Monday, April 18, 2016

Vol State to Mongolia



Vol State recently sent what we believe was the first ever United States community  college student-faculty delegation to Mongolia. The group traveled over Spring Break and included: Dr. John Espey, Director of International Education; Dr. Carol Topping, Professor of Psychology; William Rogan, Chief of Campus Police; and students Darryl Vann ( Theatre Arts major), Donna Fair, ( Veterinary Technology major) Breanna Fitzpatrick ( Education major)  and Ryan Seay ( Information Technology major). 

We were hosted by Dolgormaa  Jamiyan, Ph.D., Professor and Director of International Joint and Exchange Programs at the Institute of Finance and Economics (IFE),  as well as the faculty , staff and students of IFE.  The institute is located in Mongolia’s capital city of Ulaanbaatar.

Here are two student perspectives on the trip.

-John-Espey 


Reflecting on the trip to Mongolia fills me with a lot of different emotions. Since it was my first time ever leaving the States I really had no idea what to expect, and that scared me a lot in the beginning. In fact, it scared me so much that, not only was I late for the initial shuttle to the airport, but I also left my wallet in my car that had all the money I was expecting to spend in it, so we had to turn all the way around to go back and get it. This little moment of forgetfulness changed my attitude completely, from fear to an alertness.

The single most unforgettable thing about the trip for me personally was by far the people I departed with, and those that we met, more specifically my guide and wonderful friend Unur Suhkbaatar. I don't know what forces brought he and I together but I am so thankful that I was paired with him. Unur is a man that loves his country, his family, and his soon-to-be fianc√© with every ounce of himself. He has dedicated his career to teaching others who share his passion for learning. With that being said, he is an astounding teacher, on one of the first mornings I got to share with him and his family, he took me aside and taught me what he could about his beliefs on Buddhism. Unur gave me the strange and overwhelming feeling that, although we live thousands of miles apart, I would see his face again in the future. Unur is a testament to the intellect, and beauty of the people of Ulaanbaatar, from the women, to the food, the history, and the cashmere, Mongolia has opened my eyes to the endless possibilities of world travel. 

-Darryl Vann

When I was asked to go on this trip to Mongolia, I had no idea what to expect. To me it sounded like a free vacation, and another stamp in my passport. I did not know how I could possibly say no. At the time I knew nothing about Mongolia; nothing. I could not point it out on a map or tell you anything about it. I honestly did not know what to expect when I got there. I had tried to research some before the trip to be a little prepared, though nothing could prepare me for the trip I was about to embark on.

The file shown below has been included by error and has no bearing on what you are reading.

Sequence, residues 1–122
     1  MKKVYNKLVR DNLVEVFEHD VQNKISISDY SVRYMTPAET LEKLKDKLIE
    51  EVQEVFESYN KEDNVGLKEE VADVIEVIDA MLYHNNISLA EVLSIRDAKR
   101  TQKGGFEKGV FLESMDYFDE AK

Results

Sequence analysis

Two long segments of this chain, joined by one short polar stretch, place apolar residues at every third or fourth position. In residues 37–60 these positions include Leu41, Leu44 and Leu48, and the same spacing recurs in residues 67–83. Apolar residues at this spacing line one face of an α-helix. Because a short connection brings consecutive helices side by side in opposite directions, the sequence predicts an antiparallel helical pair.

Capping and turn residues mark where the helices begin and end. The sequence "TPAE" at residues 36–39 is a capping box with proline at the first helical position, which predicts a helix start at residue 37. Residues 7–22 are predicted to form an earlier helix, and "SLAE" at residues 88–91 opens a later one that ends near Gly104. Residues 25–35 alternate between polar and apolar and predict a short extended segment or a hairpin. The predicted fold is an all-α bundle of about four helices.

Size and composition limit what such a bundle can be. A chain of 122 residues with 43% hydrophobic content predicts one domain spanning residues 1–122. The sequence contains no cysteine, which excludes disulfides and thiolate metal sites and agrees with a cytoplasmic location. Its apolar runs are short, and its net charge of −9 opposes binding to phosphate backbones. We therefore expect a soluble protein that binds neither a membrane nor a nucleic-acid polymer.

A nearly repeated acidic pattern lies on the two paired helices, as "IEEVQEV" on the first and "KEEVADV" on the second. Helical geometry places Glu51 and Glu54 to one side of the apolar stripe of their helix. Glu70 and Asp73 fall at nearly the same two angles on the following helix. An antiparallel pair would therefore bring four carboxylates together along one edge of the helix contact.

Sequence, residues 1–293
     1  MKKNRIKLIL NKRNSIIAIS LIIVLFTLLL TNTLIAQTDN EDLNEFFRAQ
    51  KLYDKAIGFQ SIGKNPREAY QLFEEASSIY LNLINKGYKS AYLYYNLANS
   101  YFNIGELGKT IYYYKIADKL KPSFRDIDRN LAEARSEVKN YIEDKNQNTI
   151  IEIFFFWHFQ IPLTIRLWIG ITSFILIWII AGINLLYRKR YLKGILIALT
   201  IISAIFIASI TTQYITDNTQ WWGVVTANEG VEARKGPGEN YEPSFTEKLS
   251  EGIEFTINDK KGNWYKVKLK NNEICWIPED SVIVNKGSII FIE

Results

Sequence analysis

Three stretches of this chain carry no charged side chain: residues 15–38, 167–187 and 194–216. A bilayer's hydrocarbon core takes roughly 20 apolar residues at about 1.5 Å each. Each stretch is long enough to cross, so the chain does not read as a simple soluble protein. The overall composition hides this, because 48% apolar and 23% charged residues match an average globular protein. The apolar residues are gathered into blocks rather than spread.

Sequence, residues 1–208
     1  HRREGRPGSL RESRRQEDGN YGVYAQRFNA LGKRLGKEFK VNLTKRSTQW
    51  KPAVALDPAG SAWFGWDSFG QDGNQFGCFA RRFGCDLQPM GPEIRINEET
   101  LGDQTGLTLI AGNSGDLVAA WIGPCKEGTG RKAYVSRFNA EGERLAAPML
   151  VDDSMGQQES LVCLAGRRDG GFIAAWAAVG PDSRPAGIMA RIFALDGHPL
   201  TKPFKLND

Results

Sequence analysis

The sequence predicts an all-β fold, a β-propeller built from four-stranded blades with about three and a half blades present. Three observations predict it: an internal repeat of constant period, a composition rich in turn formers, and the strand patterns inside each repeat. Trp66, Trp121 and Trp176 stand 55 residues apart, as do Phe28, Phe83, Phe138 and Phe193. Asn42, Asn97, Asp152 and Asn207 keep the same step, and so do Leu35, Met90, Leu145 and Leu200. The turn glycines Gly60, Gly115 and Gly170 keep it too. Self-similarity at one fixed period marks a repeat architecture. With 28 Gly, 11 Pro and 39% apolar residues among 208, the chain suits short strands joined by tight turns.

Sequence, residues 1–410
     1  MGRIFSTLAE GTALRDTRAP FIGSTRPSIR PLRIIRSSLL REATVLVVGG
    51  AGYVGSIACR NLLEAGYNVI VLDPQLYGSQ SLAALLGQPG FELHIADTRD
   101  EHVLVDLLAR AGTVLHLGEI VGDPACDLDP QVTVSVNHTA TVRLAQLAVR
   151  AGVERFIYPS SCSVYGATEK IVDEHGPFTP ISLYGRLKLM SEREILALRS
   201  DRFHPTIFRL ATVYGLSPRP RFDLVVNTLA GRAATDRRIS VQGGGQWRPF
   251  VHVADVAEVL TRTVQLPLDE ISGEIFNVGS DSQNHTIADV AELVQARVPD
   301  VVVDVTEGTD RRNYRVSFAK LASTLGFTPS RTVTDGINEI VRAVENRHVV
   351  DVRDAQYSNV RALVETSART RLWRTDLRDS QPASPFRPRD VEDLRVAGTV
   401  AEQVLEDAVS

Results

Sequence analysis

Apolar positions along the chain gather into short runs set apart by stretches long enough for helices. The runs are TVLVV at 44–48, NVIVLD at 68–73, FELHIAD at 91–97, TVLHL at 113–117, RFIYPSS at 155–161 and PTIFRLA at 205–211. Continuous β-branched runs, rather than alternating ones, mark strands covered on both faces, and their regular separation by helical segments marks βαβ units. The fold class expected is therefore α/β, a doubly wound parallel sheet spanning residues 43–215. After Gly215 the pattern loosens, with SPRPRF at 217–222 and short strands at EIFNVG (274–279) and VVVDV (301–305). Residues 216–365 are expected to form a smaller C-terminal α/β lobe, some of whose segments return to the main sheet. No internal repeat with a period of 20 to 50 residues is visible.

About three days before we left for the trip I found out we would be staying with host families. I wanted to back out, I did not want to go anymore. I was scared to death of staying with a family I did not know. I overcame my fears and went on the trip. I was able to stay with a family and see what everyday life is like there, not just what I would see as a tourist in a hotel. I had home cooked traditional Mongolian meals every day. I was able to really feel like I got to know the culture, other than just what normal tourists would see. I had the best host family possible. I love them so much and I am so thankful for the friendships that I gained by staying with them.

I realized how welcoming the Mongolian people were of us Americans. I did not know how welcoming they would be to us, not knowing anything about the country. The fact that any car there can be a taxi still blows my mind, the peace and lack of major crimes was so different for me. Although I live in a safe place, every day when I turn on the news is constant bad news. The people there all seemed so friendly and welcoming to each other and to us, whether it be in the schools or the streets.

I am so thankful to have been chosen for this trip. I thought it would be a vacation, and it was but I learned much more than I ever imagined. As an education major I learned a lot about their school systems and education practices. I learned a lot about the history and culture of Mongolia, to be honest when we were comparing country’s histories I learned some about American History. This trip provided me with experiences that will help me in my career, and in life as a whole. Once you can connect with another culture, it is easier to see more than just America, you can feel yourself yearning to learn more about other cultures.

-Emily Fitzpatrick

No comments:

Post a Comment